With decades of international positions behind him, as Palestinian representative to the UN or special envoy to Syria, Al Qudwa chooses his words to talk about Abbas without naming him. He assures that he feared for his life in the West Bank, that Al Fatah has been “kidnapped by a group” and that “it takes a change of person or that person miraculously changes his policies.” He ran in the 2021 legislative elections with a split from Al Fatah. Aware of his low popular weight, he allied himself with Palestine’s greatest living icon, Marwan Barguti, who is serving five life sentences in Israel for organizing attacks in the Second Intifada. The elections were not held, but Al Qudwa saw his dissent punished with the expulsion of the Central Committee of Al Fatah, the withdrawal of the diplomatic passport and the dismissal of the direction of the Yasir Arafat Foundation, technically independent.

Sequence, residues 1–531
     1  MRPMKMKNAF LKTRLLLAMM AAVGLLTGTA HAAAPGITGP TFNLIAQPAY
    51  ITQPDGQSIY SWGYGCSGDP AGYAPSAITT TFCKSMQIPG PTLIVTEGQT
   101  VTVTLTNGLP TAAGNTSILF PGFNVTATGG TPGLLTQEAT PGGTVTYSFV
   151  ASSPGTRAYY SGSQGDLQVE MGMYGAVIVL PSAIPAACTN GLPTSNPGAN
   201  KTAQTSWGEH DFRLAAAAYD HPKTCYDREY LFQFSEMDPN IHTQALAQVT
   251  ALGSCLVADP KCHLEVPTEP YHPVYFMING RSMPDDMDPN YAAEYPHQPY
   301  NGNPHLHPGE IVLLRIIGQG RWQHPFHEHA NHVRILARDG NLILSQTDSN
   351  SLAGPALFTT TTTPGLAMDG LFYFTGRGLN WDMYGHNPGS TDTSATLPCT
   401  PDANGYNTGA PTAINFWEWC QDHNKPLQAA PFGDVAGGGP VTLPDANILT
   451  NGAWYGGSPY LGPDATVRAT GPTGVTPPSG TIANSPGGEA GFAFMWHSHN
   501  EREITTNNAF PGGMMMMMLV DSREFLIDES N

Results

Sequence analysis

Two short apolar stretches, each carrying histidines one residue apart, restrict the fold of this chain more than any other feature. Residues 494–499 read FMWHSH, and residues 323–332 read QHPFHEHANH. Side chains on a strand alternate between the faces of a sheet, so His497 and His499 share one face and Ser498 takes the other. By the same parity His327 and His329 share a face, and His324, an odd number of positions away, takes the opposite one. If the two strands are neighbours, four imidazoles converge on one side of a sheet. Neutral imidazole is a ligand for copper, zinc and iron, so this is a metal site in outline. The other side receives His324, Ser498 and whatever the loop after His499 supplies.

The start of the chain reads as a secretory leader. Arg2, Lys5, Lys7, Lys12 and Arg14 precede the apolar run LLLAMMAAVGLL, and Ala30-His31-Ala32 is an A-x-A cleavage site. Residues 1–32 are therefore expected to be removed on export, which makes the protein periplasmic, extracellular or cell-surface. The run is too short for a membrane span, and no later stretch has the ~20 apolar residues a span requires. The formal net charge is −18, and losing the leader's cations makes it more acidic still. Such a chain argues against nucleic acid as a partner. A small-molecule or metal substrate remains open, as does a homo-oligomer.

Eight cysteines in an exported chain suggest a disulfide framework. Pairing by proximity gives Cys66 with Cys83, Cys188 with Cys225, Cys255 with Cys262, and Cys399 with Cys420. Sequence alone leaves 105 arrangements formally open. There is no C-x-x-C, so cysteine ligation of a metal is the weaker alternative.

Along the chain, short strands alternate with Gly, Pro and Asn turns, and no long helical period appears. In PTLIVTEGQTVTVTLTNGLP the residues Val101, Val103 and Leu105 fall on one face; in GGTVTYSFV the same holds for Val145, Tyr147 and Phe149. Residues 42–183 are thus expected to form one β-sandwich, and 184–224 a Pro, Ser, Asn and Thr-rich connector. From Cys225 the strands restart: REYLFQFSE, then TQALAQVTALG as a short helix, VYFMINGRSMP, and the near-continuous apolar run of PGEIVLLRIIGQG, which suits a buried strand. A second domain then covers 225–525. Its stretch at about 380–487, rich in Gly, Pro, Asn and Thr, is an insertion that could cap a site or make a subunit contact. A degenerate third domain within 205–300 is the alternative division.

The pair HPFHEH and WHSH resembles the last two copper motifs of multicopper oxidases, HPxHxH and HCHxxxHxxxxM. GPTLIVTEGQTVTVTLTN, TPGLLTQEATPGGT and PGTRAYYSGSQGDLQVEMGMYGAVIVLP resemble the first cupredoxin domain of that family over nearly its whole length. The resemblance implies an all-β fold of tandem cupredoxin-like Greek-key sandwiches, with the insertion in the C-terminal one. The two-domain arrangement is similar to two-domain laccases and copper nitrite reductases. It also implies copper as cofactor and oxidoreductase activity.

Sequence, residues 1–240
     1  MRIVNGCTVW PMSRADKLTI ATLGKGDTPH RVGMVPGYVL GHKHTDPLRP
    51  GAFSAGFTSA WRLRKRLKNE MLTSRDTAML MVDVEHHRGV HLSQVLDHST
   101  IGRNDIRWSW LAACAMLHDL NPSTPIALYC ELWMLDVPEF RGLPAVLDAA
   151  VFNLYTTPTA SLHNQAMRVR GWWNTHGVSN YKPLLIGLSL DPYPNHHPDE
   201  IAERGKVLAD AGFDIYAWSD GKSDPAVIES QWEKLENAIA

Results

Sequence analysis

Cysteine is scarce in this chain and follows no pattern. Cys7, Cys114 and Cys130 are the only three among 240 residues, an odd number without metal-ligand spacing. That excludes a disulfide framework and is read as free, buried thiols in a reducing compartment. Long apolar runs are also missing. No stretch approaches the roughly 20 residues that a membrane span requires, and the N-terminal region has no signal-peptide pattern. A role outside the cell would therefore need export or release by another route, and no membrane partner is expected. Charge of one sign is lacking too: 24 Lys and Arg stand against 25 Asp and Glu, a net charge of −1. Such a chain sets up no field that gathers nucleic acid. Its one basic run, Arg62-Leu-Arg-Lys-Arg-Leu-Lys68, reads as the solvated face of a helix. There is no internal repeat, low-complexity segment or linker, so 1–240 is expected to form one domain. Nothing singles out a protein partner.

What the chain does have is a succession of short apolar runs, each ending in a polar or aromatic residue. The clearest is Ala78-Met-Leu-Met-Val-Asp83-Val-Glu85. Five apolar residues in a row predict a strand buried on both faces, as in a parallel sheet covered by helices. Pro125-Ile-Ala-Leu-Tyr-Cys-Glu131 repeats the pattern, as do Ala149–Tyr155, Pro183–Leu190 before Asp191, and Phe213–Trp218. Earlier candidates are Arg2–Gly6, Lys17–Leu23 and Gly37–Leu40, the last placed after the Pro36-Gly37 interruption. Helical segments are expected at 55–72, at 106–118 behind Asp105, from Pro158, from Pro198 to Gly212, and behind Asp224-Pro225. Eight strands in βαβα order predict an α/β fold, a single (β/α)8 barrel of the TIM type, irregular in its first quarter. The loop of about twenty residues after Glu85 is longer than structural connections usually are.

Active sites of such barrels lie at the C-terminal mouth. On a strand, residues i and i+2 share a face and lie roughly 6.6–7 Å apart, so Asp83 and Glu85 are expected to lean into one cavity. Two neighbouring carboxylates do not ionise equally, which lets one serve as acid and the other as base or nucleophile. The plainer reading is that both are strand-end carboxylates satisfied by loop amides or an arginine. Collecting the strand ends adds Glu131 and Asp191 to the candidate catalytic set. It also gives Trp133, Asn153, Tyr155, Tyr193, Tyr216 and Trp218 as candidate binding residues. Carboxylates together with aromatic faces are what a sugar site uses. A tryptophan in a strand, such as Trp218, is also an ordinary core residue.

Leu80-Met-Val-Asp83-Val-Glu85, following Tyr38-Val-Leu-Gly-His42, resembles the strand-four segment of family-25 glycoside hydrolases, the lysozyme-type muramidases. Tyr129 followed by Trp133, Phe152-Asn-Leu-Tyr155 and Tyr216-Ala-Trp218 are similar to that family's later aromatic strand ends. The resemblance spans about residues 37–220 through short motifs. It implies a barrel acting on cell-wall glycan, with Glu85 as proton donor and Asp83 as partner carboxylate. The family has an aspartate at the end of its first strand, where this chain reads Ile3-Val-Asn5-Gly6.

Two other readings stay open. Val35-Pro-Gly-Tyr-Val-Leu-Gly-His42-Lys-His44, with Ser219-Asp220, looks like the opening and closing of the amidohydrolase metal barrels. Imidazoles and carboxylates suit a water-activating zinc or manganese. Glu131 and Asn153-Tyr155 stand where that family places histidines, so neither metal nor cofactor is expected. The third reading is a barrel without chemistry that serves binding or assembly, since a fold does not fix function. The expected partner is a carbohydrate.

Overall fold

“Institutions have been destroyed, the rule of law has disappeared, there are no human rights and the dignity of the average Palestinian has been violated, to the point of Nizar Banat’s death,” he lists. The death of Banat, a well-known critical activist, marked a turning point in the image of the president in June 2021. He died under arrest by the Palestinian security forces, after being beaten. Protests in Ramallah over his death were harshly suppressed.

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“This is the worst legitimacy crisis in the history of the Palestinian Authority,” Tahani Mustafa, a Palestine analyst for the Palestinian Authority, said by phone. think tank International Crisis Group. “Abbas has dismantled the system around him that could give him legitimacy,” he notes before criticizing the international community for looking the other way. With his mandate exhausted since 2009 and Parliament dissolved, Abbas governs by decree. He has signed 350 presidential orders. The last, last October, the creation of a Supreme Council that will supervise the judicial system and that he will lead.